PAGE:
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31st-May-2015

Cornerstone of our special relationship is democratic Bangladesh of liberation war

By MAINUL HOSEIN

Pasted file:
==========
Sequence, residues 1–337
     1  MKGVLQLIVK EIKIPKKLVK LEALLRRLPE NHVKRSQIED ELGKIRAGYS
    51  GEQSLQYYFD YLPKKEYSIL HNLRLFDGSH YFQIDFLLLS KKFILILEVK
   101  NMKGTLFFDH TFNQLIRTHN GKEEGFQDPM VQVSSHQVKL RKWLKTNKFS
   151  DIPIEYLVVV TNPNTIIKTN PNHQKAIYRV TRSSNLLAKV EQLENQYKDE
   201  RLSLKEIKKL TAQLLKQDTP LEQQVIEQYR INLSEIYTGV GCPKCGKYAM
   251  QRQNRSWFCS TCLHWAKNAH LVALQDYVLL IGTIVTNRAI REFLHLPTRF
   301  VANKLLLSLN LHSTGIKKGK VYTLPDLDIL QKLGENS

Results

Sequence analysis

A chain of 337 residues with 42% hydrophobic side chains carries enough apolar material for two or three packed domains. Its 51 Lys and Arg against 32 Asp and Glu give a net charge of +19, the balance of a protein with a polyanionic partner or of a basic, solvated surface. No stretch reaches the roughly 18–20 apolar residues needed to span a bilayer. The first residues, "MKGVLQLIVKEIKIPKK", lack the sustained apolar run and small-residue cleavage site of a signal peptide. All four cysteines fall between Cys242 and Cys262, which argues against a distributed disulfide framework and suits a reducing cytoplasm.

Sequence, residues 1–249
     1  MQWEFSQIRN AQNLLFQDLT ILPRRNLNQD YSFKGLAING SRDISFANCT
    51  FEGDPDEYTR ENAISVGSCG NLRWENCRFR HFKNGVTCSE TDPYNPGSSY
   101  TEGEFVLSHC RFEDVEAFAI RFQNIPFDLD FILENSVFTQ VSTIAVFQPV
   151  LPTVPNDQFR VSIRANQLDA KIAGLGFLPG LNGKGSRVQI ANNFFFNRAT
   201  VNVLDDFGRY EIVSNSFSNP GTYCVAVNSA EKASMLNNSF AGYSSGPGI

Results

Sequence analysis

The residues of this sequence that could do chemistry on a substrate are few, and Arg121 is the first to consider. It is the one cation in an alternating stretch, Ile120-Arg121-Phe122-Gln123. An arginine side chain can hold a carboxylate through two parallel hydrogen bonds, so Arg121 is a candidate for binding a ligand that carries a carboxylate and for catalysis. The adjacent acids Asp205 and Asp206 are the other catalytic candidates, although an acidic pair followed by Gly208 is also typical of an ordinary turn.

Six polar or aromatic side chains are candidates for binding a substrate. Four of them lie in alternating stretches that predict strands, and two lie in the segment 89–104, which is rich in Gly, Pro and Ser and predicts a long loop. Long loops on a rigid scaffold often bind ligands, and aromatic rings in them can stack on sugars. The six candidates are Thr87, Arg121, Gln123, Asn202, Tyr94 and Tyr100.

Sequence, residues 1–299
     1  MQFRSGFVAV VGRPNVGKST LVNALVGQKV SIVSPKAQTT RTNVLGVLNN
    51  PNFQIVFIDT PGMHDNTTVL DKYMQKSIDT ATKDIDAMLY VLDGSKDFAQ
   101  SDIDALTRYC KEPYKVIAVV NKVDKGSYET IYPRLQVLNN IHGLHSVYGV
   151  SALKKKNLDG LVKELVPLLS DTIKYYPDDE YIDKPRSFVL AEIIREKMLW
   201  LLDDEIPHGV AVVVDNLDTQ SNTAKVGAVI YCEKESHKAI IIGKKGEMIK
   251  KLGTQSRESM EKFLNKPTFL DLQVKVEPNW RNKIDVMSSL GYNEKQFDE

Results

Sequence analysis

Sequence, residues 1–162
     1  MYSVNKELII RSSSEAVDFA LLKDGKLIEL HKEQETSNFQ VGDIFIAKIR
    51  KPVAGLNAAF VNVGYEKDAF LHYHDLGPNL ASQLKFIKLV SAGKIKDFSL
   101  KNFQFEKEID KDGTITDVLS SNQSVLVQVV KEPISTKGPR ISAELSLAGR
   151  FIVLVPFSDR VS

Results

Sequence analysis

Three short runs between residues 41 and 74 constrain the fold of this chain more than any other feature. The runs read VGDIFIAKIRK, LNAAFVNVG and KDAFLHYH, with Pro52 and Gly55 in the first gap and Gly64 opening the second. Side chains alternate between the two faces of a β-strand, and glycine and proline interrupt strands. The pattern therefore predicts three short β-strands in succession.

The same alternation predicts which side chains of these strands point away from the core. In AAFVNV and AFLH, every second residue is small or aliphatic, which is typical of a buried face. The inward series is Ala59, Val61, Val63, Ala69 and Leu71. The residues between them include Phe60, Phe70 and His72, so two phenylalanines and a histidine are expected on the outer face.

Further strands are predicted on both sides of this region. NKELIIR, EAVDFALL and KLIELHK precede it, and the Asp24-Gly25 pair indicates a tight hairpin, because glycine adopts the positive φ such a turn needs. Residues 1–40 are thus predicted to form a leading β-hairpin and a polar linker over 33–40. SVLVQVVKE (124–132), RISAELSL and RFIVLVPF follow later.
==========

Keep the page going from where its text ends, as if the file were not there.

Indian Prime Minister Mr Narendra Modi is scheduled to arrive in Dhaka on a two-day visit on June 6 and his visit will be considered a very significant one. His every move will be judged to know how his politics is different and will be helpful to improve India's relationship with its neighbours in the context of a change of mind and heart. Needless to say that Prime Minister Narendra Modi is not coming to Bangladesh in the best of times. The people are reeling under the wave of shocks and grief for the brutalities and killing of thousand of migrant workers who wanted to flee poverty but fell prey to illegal trafficker. The leader of the biggest democracy is arriving in Bangladesh when democracy is gasping for breath.Mr Modi's visit will not be evaluated by how much concession India gets but also from how much fair India is to be helpful for the people of Bangladesh. Government to government relations cannot be enough for any just and durable relationship between the two countries. Mr Modi is not unaware of the misgivings and misunderstandings that grew among our people over the years in the relationship between the two countries. India relied on the government without caring that the people also count. Bangladesh's strongest foundation for its special relationship with India is the enormous help India gave us for our liberation war. Our liberation war was not simply for   breaking up Pakistan but to have an independent democratic Bangladesh and save ourselves from the repression of authoritarianism. So it has been the general expectation of our people that as successful democracy, India's help in the liberation war will be genuinely translated into her firm commitment for the realisation of our peoples' dream of a democratic Bangladesh. As the nearest and biggest neighbour, India is heavily weighed in the political calculations of Bangladesh -- both internal and bi-lateral. The foreign press often took a critical view of India for exerting too much influence on our internal politics as they saw it.Despite all our complexities and disaffection in politics and public life, the visit of Prime Minister Modi is most welcome to all as a people's leader who has come to power with massive popular support giving rise to great hopes not only in India but also outside including neighbouring countries for change. He is seen as a pragmatic leader of strong character who did not hesitate to invite President Obama as a special guest which was not so popular a move with some leftist groups. He is uncompromising in his fight against corruption in the interest of clean government. Mr Modi enjoys vast respect among the people of Bangladesh for the kind of changes he represents. Most importantly, his rise in Indian politics has brought downfall of the dynastic politics of Congress era.  If opportunity is created or sought no small country's internal politics can remain uninfluenced from outside. When India is being seen as a friend of our liberation war, India's help in the growth of democracy in Bangladesh would have been a legitimate interest. The expectation is high that under the leadership of Mr Modi, a positive horizon will be opened up for the realisation of our people's democratic aspirations as expressed through the liberation war.          The people of Bangladesh are pleased that Mr Modi with his dynamic leadership, moved forcefully to implement the Land Boundary Agreement which remained unimplemented for 41 years. In absence of an agreed boundary line the affected people suffered for long 68 years as non-citizens. Other just demands like sharing of Teesta water are also receiving his serious attention.  In spite of Mr Modi's sincere efforts it is not likely that the Teesta river water sharing agreement will be signed during Mr Modi's presence in Bangladesh. This agreement would have been greeted by the people of Bangladesh as the most encouraging new development. But gestures of the Indian Prime Minister to do justice to Bangladesh are admirable and seen as willingness on his part to meet the just demands of the people of Bangladesh in the spirit of cooperation in the liberation war. Mr Modi has already met the leaders of Bhutan, Nepal and Sri Lanka as part of his government's policy to strengthen relations with neighbours. It is seen that Mr Modi is following a new path for cultivating good and just relationship with India's neighbours accepting sovereign equality as the basis. While in the past India used to see itself as a dominating power (big brother) to be reckoned with.   Water sharing being a life and death issue for the people of Bangladesh, it has been a major hurdle in developing improved and just relationship between India and Bangladesh since inception of Bangladesh. Sharing of water of Teesta will be a very happy development for Bangladesh. Bangladesh has been mostly helpless for too long in the past in its struggle to get fair share of water from upstream rivers. So water sharing has to be considered in the larger context. The list of proposed deals which both the countries will discuss during his visit includes some every sensitive issues for Bangladesh like amended India-Bangladesh Trade Agreement and Amended Protocol on Inland Water on Transit and Trade. Deals on coastal shipping, maritime security, a second line of credit of US$2 billion and Dhaka-Shillong-Guwahati and Kolkata-Dhaka-Agartala bus services. On the other hand the opportunities of liberal trade with India will have to be taken seriously by India in order to contribute to bringing the peoples of both the countries nearer. Frequent killing in the borders is inhuman and unnecessary between the two friendly countries. Border killings must not happen. We must learn to treat everybody's life as valuable and worth saving.     The good relationship between the two countries will not be determined by how many treaties are signed by the two governments, but how much goodwill and trust both the governments can generate through such deals among the peoples of these two countries. On this will also depend how such treaties will be received by the general public and how much interest of Bangladesh will be preserved.   In this age of connectivity and interdependent world, there is no alternative for peace and progress than to learn how best the countries can coexist amicably. Anything one sided will be a sell-out, not friendship.    It is our earnest hope to see the Indian Prime Minister Mr Modi's interactions in Bangladesh to be helpful in forging a new era of goodwill for going hand in hand ahead as two democracies where human rights are institutionally guaranteed for all without religious or ethnic discrimination. We have to recognise that in modern world no country is too small or too big and an explosive situation in one country affects others also. The tragedy of migrant workers is a tragic case to the point.